Home > News Center > Cultural News > Media > View Media 

Mythical beasts come alive

Time:2018-02-07   Source:China Daily

A horse-like animal with a horn, similar to unicorn in Western mythology . [Photo provided to China Daily]

Shi Lin, a Chinese artist born in 1989, uses an ancient classic, his knowledge of animal anatomy and his imagination to feed the imagination. Guo Ying reports.

What did China's mythical beasts look like? A recently published book offers a glimpse.

Mythic Beasts, illustrated by Shi Lin, a Chinese artist born in 1989, contains more than 30 pictures of mythical beasts, such as the nine-tail fox as well as a horse-like animal with a horn on its head and a dog-like nine-headed animal.

Shi's inspiration comes from the ancient Chinese classic Shan Hai Jing (Classic of Mountains and Seas), which dates back 2,200 years.

Shan Hai Jing has both a cultural and geographical account of China before the Qin Dynasty (221-206 BC). And it contains geography, folklore, legends and fairy tales.

It is a major source of Chinese mythology, including the tales of Kuafu Chasing After the Sun and Nyu Wa Patches up the Sky, which have been passed down the generations in China.

Shi was interested in reading ancient Chinese literature and drawing animals since a young age.

When Shi was studying at the Central Academy of Fine Arts in Beijing, he received a collection of different versions of the Shan Hai Jing from his mentor and was fascinated by it, especially the descriptions of mythical beasts.

"I appreciated the wisdom and romanticism of our ancestors through the book. And although the description of the mythical beasts is limited, I got a vivid picture in my mind making me eager to offer my take on these unique creatures," says Shi.

Shi, who painted 16 pictures of mythical beasts in 2012 as part of his graduation project, used the classic, his knowledge of animal anatomy and his imagination to get the job done.

He then shared the pictures online, and they attracted wide attention.

Cover of the book Mythic Beasts. [Photo provided to China Daily]

An ancient beast with an eagle-shaped head in the book Mythic Beasts. [Photo provided to China Daily]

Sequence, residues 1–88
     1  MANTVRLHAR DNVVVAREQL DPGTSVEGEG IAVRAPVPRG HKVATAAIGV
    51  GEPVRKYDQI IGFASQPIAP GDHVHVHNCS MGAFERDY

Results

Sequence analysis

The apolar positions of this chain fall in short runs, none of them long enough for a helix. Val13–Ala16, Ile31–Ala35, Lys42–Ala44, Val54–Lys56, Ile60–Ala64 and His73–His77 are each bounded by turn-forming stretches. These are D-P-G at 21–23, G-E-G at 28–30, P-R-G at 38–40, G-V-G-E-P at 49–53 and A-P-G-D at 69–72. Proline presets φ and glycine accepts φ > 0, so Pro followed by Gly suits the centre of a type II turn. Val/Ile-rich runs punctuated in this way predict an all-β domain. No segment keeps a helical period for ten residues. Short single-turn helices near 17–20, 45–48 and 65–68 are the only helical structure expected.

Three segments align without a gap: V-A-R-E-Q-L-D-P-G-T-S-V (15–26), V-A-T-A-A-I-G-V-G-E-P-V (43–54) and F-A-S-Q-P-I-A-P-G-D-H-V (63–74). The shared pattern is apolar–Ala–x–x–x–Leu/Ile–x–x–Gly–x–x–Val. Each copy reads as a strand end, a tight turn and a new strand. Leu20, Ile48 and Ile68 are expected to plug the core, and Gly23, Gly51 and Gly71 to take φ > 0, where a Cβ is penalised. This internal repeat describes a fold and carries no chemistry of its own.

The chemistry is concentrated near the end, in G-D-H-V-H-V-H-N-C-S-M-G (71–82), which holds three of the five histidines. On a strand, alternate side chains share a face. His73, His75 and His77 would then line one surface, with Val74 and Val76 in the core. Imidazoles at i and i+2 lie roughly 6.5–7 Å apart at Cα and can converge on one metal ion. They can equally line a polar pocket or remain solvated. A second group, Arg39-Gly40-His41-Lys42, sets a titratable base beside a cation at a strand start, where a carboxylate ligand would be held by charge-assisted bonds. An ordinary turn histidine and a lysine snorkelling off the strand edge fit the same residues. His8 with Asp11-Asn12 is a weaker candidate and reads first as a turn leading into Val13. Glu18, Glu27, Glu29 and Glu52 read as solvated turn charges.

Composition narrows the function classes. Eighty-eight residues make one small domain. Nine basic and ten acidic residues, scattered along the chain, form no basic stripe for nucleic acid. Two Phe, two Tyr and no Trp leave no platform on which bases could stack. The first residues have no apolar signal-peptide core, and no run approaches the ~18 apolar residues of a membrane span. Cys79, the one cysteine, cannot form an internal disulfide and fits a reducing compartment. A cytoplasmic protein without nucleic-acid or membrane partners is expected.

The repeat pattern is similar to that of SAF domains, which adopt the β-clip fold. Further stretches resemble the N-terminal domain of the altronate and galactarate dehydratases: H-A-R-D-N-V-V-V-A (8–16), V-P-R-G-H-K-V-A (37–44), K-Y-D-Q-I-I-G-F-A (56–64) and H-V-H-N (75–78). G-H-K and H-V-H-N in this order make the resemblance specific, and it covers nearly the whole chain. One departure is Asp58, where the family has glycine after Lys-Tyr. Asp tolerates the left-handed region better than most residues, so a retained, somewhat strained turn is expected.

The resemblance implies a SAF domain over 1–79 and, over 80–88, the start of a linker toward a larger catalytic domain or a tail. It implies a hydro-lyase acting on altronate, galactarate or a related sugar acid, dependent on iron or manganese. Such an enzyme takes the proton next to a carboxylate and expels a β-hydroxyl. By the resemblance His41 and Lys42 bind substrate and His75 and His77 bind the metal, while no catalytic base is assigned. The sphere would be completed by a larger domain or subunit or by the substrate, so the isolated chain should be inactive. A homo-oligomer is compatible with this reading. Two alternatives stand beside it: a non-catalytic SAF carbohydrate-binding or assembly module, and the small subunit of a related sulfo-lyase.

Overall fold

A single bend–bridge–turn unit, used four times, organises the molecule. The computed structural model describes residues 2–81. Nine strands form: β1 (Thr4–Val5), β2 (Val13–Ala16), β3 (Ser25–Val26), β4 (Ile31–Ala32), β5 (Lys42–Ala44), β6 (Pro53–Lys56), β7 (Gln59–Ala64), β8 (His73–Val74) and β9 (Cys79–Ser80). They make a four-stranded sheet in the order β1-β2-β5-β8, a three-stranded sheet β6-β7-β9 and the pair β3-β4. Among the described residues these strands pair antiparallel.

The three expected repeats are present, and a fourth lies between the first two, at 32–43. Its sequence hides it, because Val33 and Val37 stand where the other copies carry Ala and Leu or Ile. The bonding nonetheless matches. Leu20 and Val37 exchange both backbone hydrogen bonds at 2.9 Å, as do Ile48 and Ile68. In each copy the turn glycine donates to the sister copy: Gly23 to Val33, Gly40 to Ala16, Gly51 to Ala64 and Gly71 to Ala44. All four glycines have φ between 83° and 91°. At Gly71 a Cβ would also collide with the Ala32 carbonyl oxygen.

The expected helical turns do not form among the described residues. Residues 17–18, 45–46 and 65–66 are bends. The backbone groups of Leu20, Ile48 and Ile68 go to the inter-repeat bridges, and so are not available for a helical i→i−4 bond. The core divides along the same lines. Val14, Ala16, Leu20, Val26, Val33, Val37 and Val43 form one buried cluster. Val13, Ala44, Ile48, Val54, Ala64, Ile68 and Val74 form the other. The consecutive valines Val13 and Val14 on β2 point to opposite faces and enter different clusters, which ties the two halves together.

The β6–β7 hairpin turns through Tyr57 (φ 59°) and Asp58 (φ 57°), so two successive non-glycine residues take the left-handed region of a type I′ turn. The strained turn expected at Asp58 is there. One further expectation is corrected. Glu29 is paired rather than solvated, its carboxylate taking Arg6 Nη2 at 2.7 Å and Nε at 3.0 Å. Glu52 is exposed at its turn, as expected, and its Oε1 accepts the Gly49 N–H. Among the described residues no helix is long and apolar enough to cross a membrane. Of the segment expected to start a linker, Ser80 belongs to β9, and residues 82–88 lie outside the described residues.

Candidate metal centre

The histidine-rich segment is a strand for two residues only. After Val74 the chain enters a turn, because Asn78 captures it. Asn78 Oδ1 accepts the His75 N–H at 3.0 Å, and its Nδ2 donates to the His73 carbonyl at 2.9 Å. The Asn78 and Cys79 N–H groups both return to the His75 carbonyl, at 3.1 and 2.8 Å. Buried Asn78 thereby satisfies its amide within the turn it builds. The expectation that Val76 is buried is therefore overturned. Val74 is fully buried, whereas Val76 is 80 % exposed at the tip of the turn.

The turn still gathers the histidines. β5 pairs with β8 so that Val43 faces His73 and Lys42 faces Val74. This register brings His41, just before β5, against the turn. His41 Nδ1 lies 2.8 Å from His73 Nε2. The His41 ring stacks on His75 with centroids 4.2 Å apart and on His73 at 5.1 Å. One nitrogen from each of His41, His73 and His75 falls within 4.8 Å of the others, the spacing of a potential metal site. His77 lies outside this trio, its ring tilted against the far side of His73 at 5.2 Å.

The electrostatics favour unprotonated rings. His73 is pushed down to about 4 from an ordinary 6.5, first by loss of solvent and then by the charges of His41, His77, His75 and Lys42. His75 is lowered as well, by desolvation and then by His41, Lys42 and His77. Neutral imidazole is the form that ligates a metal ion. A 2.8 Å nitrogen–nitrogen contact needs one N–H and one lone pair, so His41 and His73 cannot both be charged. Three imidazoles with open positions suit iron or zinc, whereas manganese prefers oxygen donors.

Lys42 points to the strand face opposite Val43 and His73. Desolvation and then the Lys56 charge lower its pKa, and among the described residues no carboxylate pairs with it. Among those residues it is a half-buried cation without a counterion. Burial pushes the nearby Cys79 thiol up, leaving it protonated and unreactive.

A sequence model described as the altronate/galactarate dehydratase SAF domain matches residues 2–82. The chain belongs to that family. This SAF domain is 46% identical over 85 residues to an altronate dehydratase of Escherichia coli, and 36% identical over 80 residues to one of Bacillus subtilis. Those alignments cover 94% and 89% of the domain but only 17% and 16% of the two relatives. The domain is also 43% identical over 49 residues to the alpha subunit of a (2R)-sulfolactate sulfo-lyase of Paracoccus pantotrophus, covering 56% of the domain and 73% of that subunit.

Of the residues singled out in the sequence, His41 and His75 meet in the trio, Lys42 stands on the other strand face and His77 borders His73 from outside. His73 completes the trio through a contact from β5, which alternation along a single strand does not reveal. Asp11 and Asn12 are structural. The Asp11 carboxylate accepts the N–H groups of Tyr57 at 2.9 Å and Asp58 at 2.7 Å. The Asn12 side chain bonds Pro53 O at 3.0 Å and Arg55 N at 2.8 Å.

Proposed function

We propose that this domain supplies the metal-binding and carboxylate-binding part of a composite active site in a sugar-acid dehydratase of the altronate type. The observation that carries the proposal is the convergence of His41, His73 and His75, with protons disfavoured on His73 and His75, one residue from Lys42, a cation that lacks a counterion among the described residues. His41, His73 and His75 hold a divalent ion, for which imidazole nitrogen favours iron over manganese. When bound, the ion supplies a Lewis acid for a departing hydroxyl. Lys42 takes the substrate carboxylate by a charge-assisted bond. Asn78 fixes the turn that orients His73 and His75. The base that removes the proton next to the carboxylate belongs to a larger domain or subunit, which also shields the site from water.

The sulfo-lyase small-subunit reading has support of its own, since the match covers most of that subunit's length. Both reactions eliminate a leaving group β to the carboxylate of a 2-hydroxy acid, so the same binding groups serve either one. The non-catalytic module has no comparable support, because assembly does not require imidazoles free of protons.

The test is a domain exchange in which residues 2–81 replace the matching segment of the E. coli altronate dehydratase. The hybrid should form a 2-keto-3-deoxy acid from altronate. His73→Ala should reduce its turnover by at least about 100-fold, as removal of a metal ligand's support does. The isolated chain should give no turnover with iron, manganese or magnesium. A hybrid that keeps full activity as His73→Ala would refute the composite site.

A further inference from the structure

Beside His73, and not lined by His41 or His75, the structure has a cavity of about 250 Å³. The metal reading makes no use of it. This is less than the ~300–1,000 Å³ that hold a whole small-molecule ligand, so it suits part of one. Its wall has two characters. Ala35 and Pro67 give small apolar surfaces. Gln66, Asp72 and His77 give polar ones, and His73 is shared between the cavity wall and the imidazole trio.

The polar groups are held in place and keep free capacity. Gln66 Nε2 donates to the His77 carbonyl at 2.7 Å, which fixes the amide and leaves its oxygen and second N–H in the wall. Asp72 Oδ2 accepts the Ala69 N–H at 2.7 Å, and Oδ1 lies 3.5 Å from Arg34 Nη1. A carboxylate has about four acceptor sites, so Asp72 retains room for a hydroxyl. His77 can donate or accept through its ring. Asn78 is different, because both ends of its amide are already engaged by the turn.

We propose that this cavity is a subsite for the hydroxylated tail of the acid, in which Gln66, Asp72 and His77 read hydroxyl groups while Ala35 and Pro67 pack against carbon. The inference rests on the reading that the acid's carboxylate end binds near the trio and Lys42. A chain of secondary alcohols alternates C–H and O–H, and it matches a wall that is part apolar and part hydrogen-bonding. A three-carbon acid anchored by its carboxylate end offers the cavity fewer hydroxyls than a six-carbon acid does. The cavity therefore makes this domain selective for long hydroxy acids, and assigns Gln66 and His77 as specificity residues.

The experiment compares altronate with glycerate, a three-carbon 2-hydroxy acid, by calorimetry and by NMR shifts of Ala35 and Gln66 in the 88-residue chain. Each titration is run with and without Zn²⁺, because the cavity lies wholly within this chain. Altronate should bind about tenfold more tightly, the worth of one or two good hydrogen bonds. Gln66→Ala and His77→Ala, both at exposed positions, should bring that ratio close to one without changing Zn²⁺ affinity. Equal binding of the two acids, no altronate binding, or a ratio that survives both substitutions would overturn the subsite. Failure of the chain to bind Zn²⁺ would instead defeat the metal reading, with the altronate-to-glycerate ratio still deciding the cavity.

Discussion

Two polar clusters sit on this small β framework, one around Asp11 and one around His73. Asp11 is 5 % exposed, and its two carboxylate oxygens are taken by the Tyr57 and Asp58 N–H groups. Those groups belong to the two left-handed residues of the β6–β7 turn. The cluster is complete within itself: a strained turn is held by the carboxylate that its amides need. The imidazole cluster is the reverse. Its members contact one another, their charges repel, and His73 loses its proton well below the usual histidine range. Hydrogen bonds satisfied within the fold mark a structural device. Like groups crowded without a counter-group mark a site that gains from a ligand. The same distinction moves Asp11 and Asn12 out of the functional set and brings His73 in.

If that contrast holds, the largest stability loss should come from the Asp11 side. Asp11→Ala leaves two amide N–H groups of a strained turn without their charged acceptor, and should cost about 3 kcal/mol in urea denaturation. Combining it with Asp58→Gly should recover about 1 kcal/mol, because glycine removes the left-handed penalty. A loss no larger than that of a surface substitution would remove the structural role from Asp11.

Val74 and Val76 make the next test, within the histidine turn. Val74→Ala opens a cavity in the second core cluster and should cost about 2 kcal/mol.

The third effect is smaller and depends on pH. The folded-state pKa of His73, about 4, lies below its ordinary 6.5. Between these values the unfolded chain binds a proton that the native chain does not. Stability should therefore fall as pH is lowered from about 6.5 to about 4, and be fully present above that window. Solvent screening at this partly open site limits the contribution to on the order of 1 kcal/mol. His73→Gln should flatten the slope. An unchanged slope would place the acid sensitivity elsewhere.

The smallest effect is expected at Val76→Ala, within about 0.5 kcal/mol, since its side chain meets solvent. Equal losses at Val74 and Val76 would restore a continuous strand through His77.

Now, with the increasing popularity of fantasy-themed literature and games in China, some companies want to cash in on his pictures, but he wants to maintain the integrity of his work.

Earlier, he visited zoos to observe animals, including their joints, facial expressions and movements.

However, he gradually realized the limitations of a strictly realistic painting style.

"The caged animals lack movement and an animal spirit. So, how can they be compared with unfettered and powerful mythical beasts," says Shi.

A trip to Dunhuang in Gansu province also inspired Shi. When he visited the Mogao Grottoes, a shrine containing Buddhist art treasures in Dunhuang, he was deeply moved by the supernatural and spiritual scenes depicted in the frescoes and the statues.

When Shi was painting his mythical beasts he retreated from city life and the internet to create his art.

Then, he went to live in Yunnan province to see animals and plants in the wild, including the animal totems of ethnic groups.

Ma Changyi, an expert on Chinese mythology and the Shan Hai Jing, says that mythology is the spiritual force of national vitality.

Meanwhile, Shi hopes his book offers a way to decode the classic that is suited to a modern audience, especially children, who tend to absorb information through pictures.

A nine-tail fox [Photo provided to China Daily]

Shi Lin, Chinese artist [Photo provided to China Daily]

Speaking about how his art can help, Shi says: "The Shan Hai Jing has more than 31,000 words and the myths are scattered through it. So, modern readers may feel at a loss if they read it for the first time."

Referring to his book, Shi is happy that children appreciate the details in the pictures, such as swirling clouds.

Separately, Shi is also surprised that his book has found fans abroad. But he adds that: "Shan Hai Jing not only records the geography of China, but also penguins in the Antarctic as well as many species from South America.

"The images of mermaids and unicorns in Western literature are described in Shan Hai Jing. And images of human-faced birds and human-headed snakes are also found in Western mythology."

Besides Shan Hai Jing, Shi is also fascinated by other ancient Chinese literary works and art forms.

And he hopes that he can find creative ways to depict this traditional culture.

"China's traditional culture is a tremendous treasure, and I hope more people can enjoy it," he says.